I was first introduced to the term Positive Youth Development at Making Cents International, where I serve as a Youth Development Research Associate. In my previous experience as a Projects Manager at the British Council Sudan, I didn’t personally use the term ‘positive youth development’ but the projects I led aligned with this approachInnovation: Art and Culture,one such project, engages young people in activities that utilized art and music to turn negative behaviours (such as discrimination and despair) into positive traits (such as diversity, identity, unity and a drive to achieve their goals). We provided them with a platform from which they could develop their talents and share their voice. The results were overwhelming: those who chose to participate managed to find a way to express their concerns in a positive and creative way. For example, in our “Laugh Out Loud” event, youth celebrated diversity by talking about “responsible humour” and campaigning against discriminative jokes, and working on drawings and paintings that reflected the meaning of diversity and unity. They were also involved in music performances, poetry, and comedy shows. They gained glowing feedback from the audiences, which motivated us to push them even further towards achieving their goals.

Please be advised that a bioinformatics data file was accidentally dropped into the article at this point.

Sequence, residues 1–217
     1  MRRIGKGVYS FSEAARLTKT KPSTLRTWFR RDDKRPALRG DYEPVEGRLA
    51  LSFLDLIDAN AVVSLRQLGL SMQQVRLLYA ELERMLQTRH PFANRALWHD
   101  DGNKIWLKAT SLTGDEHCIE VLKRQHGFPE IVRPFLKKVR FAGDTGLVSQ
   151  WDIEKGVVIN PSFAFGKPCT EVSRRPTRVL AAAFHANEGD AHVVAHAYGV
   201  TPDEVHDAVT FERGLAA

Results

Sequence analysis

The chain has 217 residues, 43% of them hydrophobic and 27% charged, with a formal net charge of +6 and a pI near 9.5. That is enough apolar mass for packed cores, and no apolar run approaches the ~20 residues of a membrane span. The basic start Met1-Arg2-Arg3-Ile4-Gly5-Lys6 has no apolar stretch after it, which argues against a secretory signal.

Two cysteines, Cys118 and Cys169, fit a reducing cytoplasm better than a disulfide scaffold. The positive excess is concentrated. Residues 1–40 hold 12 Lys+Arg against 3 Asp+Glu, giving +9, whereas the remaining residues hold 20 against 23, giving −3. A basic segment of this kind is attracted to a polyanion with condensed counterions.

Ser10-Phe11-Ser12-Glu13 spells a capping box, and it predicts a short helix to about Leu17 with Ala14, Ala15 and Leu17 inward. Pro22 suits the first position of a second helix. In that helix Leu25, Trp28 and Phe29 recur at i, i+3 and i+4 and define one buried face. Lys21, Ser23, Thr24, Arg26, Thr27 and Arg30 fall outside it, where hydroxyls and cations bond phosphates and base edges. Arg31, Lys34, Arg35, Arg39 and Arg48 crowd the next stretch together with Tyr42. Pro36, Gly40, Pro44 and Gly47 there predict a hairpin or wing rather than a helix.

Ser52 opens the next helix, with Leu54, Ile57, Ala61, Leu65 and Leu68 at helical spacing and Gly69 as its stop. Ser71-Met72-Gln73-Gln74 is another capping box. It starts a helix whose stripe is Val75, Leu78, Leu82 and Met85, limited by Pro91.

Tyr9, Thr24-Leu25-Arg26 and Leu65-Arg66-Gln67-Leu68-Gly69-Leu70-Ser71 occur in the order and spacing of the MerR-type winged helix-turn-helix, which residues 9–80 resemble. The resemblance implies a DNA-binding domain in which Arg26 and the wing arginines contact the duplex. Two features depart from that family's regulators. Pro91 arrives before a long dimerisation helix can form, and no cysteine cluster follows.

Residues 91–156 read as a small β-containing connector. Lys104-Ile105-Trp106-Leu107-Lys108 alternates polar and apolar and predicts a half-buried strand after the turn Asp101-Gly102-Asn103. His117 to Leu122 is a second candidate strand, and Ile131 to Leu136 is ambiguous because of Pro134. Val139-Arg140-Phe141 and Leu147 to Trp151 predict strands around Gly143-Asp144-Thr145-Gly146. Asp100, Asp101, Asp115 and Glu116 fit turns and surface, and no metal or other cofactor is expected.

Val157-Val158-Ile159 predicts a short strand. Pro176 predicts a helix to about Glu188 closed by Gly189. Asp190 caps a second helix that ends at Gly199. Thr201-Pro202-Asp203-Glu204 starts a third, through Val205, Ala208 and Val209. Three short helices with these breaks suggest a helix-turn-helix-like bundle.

To follow up on this experience and build on my work here at Making Cents, I distributed a survey to colleagues so that I could better understand their definition of positive youth development and hear about their challenges, concerns, and difficulties. The 20 professionals that responded were from 11 different countries, and worked with youth in a variety of different fields such as education, training, health, gender, and human rights. A little more than half were females (55%), and most were between the ages of 25 and 30 years (65%). A majority had their Master’s degree (85%) and 3-5 years of work experience.

A summary of their answers to four main questions are shown below:

What do you consider to be the main three obstacles to increasing the integration of youth concerns into international development programs?

These youth development professionals said that government and policy makers do not regularly engage youth in designing and implementing youth programs, nor do they involve them in decision-making processes. In fact, many respondents said that governments fail to fully understand what meaningful youth participation would actually look like. This lack of engagement is seen as leading to an overall lack of trust on both sides (for youth and governments). In addition, respondents mentioned that various cultural issues such as gender discrimination, lack of education, socioeconomic challenges, and a lack of job opportunities also play a role in disconnecting youth from their country’s leadership.

What are the three most challenging obstacles you personally encounter when working with young people or engaging young people in project design and/or implementation?